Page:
When a browser sends a request to a dynamic website, that request kicks off some programming code that runs on the site’s server. In the case of WordPress, that code is known as PHP, and it spends most of its time pulling information out of a database (for example, retrieving product info that a visitor wants to see). The PHP then inserts the information into a regular-seeming HTML page, which it sends back to the browser.

Figure 1-2. When a browser sends a request to a dynamic website, that request kicks off some programming code that runs on the site’s server. In the case of WordPress, that code is known as PHP, and it spends most of its time pulling information out of a database (for example, retrieving product info that a visitor wants to see). The PHP then inserts the information into a regular-seeming HTML page, which it sends back to the browser.

UP TO SPEED: THE EVOLUTION OF DYNAMIC SITES

Dynamic websites are nothing new; they existed long before WordPress hit the scene. In fact, modern, successful websites are almost always dynamic, and almost all of them use databases and programming code behind the scenes. The difference is who’s in charge. If you don’t use WordPress (or a site-building tool like it), it’s up to you to write the code that powers your site. Some web developers do exactly that, but they generally work with a whole team of experienced coders. But if you use WordPress to build your site, you don’t need to touch a line of code or worry about defining a single database table. Instead, you supply the content and WordPress takes care of everything from storing it in a database to inserting it into a web page when it’s needed.

Even if you do have mad coding skills, WordPress remains a great choice for site development. That’s because using WordPress is a lot easier than writing your own software. It’s also a lot more reliable and a lot safer, because every line of logic has been tested by a legion of genius-level computer nerds—and it’s been firing away for years on millions of WordPress sites. Of course, if you know your way around PHP, the programming language that runs WordPress, you’ll have a head start when it comes to tweaking certain aspects of your site’s behavior, as you’ll see in Chapter 13.

In short, the revolutionary part of WordPress isn’t that it lets you build dynamic websites. It’s that WordPress pairs its smarts with site-creation and site-maintenance tools that ordinary people can use.

WordPress Themes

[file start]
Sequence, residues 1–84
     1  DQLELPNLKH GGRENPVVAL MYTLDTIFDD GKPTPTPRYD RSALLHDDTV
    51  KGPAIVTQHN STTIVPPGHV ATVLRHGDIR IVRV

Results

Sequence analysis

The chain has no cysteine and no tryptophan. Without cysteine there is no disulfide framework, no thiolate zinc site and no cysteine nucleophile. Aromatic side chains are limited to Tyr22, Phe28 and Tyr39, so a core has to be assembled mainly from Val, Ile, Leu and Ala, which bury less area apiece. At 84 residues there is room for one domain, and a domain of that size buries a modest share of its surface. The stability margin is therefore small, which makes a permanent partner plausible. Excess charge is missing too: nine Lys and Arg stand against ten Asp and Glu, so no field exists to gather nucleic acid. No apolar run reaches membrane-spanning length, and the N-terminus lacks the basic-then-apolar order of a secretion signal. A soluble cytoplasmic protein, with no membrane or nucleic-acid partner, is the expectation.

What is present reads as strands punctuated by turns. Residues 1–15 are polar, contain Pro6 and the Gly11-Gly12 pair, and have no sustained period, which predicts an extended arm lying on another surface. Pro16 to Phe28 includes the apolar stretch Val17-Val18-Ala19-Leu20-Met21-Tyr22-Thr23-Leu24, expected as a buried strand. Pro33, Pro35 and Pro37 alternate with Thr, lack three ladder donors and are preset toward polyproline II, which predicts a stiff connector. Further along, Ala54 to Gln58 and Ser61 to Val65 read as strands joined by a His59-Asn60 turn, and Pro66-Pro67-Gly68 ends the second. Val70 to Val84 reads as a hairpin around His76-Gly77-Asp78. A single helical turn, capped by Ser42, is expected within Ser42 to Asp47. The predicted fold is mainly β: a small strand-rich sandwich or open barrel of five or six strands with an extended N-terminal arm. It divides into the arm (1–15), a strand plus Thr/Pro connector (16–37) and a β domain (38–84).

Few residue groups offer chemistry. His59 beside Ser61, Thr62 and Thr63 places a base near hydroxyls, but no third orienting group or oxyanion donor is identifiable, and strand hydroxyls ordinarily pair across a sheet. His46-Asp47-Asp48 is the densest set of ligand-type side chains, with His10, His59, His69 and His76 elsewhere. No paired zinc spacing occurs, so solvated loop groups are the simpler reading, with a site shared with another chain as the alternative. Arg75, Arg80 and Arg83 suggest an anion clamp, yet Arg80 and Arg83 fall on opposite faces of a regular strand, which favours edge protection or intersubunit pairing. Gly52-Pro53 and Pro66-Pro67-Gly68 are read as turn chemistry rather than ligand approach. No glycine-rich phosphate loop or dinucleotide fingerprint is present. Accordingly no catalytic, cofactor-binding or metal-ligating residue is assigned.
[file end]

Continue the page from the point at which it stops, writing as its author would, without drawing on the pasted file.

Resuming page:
There’s one more guiding principle that shapes WordPress—its built-in flexibility. WordPress wants to adapt itself to whatever design you have in mind, and it achieves that through a feature called themes.

Basically, themes let WordPress separate your content (which it stores in a database) from the layout and formatting details of your site (which it stores in a theme). Thanks to this system, you can tweak the theme’s settings—or even swap in a whole new theme—without disturbing any of your content. Figure 1-3 shows how this works.

When you visit a page from a WordPress site, WordPress combines the content (which it stores in a database) with formatting instructions (which are stored in the theme’s template files). The end result is a complete web page you see in your browser.

Figure 1-3. When you visit a page from a WordPress site, WordPress combines the content (which it stores in a database) with formatting instructions (which are stored in the theme’s template files). The end result is a complete web page you see in your browser.

If you’re still not quite sure how WordPress helps you with themes, consider an example. Imagine Jan decides to create a website so he can show off his custom cake designs. He decides to do the work himself, so he not only has to supply the content (the pictures and descriptions of his cakes), but he also has to format each page the same way, because each page has two parts—a description of the cake and a picture of it—and he wants his pages to be consistent. But, as so often happens, a week after he releases his site, Jan realizes it could be better. He decides to revamp his web pages with a fresh, new color scheme and add a calorie-counting calculator in the sidebar.

Applying these changes to a non-WordPress website is no small amount of work. It involves changing the website’s style sheet (which is relatively easy) and modifying every single cake page, being careful to make exactly the same change on each (which is much more tedious). If Jan is lucky, he’ll own a design tool that has its own template feature (like Dreamweaver), which will save editing time. However, he’ll still need to rebuild his entire website and upload all the new web pages.

With WordPress, these problems disappear. To get new formatting, you tweak your theme’s style settings, using either WordPress’s control panel (called the dashboard), or by editing the styles by hand. To add the calorie counter, for example, you simply drop it into your theme’s layout (and, yes, WordPress does have a calorie-counting plug-in). And that’s it. You don’t need to rebuild or regenerate anything, go through dozens of pages by hand, or check each page to try to figure out which detail you missed when you copied HTML from one page to another.

What You Can Build with WordPress